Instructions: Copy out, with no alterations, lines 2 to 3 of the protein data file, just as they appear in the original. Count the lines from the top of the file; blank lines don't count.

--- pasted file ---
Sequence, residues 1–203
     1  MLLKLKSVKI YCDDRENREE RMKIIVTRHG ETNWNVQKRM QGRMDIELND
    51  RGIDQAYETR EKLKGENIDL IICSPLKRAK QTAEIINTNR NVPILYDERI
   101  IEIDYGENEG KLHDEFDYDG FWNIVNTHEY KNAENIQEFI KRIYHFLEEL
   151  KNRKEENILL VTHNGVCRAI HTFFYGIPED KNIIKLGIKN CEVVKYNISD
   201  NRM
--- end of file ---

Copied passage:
     1  MLLKLKSVKI YCDDRENREE RMKIIVTRHG ETNWNVQKRM QGRMDIELND
    51  RGIDQAYETR EKLKGENIDL IICSPLKRAK QTAEIINTNR NVPILYDERI